Financial stress and poor mental health: Greater Manchester report reveals impact of high-rise safety crisis on residents

THE stress of living in potentially unsafe high-rise buildings, along with the added financial strife it brings, is taking its toll on residents’ mental health, a survey in Greater Manchester reveals.

The report, carried out by the Greater Manchester High-Rise Task Force (GMHRTF), has been released ahead of a lobby of Parliament tomorrow, which will be attended by metro mayors Andy Burnham and Paul Dennett, along with members of the Manchester Cladiators and high-rise residents.

It explores the impact the situation is having on homeowners in buildings with deficient fire safety. The task force, chaired by Salford City Mayor Dennett, was set up by GM Mayor Burnham following the fire at Grenfell Tower in London in 2017.

“As chair of the High-Rise Task Force I believe this survey provides a clear evidence base for the issues we have repeatedly raised about the ongoing struggles that residents are still burdened with over 2.5 years after the terrible fire at Grenfell Tower,” Dennett said.

“It encapsulates the scope of the concerns residents are dealing with. Many are unable to sell, insure or re-mortgage their homes and are faced with bankrupting bills just to make their homes safe from fire.

“As a Task Force we want to make sure that people are safe and feel safe in their homes, we will be using the findings of this survey to inform the work of the Task Force to ensure we are doing everything we can to support residents.

“However, this is a regulatory crisis on an industrial scale; the Government must own their rhetoric and prevent leaseholders continuing to pay the price through no fault of their own.”

More than half of owner occupiers say they are suffering from increased service charge costs, the report says. One owner occupier reveals their service charge had increased from £90 to £480 per month to cover cladding replacement – an increase of 433%.

Service charges vary by property and some leaseholders are being asked to pay to fund fire safety improvements on their buildings while others are having to collectively pay for a ‘waking watch’, which involves their corridors being patrolled overnight by watch officers.

Furthermore, these stressful issues even extend to the selling of properties, with many leaseholders unable to sell because lenders are unwilling to offer mortgages on new buyers without obtaining a building’s fire safety certificate.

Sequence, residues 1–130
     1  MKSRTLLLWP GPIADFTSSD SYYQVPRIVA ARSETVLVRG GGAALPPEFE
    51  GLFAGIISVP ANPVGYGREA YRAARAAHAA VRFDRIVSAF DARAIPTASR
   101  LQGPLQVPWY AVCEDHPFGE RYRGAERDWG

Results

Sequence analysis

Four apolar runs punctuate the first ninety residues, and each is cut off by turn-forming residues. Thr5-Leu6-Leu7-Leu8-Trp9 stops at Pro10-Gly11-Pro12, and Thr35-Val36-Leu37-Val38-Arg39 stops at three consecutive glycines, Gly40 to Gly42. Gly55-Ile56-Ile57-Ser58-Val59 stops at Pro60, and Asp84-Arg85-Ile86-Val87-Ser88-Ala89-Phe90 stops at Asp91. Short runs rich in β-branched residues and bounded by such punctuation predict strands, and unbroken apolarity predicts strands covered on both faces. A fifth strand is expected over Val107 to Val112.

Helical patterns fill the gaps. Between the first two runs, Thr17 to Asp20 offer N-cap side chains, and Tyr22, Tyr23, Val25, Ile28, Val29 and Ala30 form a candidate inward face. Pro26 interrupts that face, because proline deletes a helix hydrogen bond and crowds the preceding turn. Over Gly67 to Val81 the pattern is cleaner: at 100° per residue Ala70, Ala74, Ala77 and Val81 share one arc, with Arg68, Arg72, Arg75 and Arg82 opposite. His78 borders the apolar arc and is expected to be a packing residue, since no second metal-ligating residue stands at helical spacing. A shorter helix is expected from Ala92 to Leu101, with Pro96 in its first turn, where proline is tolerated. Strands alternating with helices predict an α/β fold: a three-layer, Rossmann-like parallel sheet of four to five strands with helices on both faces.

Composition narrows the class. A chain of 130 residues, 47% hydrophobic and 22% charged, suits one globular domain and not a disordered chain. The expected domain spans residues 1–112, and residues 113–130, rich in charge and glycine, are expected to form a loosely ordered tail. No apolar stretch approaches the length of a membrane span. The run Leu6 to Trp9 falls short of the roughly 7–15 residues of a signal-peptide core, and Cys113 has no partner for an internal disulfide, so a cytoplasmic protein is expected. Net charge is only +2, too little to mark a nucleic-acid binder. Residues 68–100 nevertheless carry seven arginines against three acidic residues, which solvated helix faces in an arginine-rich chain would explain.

Residents say that fire safety risks and the financial costs are impacting on their mental health. Seven in 10 residents living in high rise buildings said they are worried about a fire in their building. Residents detailed their increasing levels of anxiety, difficulty sleeping and explained how trapped they feel, as well as expressing the strain their situation continues to have on their personal lives and relationships.

One owner occupier commented: “We have now been told that our property is worth zero which has had a very damaging effect on our relationship and [my] mental health.”

One resident, a leaseholder living in Albion Works identified as Anastasia, said: “The situation for most high-rise residents is really dire. In my building we currently have a waking watch in place and have been given no indication of how much this is going to cost us. We can’t sell or remortgage our homes because they are essentially considered worthless and this is causing us all a lot of stress and worry.”

Another resident completing the survey said their life had effectively frozen in time: “I have been trying to sell my apartment for the past 15 months. Two buyers have backed out of the sale as there was no cladding report. I’m still finding it hard to sell my apartment and move on.”

Tomorrow, a group of affected residents from Greater Manchester are taking their concerns to Parliament to lobby Government, backed by Mayor of Greater Manchester Andy Burnham, and City Mayor of Salford Paul Dennett. The lobby aims to highlight the human impact of the ongoing crisis and give those present an opportunity to share their experiences and concerns

“In Greater Manchester we are doing all we can to support our residents living in high-rise buildings,” said Burnham. “We are the first city-region to complete a survey of this kind documenting the perspective of residents living in high-rise buildings. This report provides new insights into the fire safety concerns and financial worries faced by residents every day.

“This survey demonstrates why we are bringing together residents on the 25 February for a lobby of Parliament. We will be using this survey as further evidence to demonstrate why the Government needs to take action in the forthcoming Budget to support these residents. Leaseholders are living a nightmare at the moment and should not be left in this limbo a moment longer.”

The task force said it commissioned this research to quantify the views and experiences of Greater Manchester high-rise residents. The findings will be used to inform its future work.

NH

 

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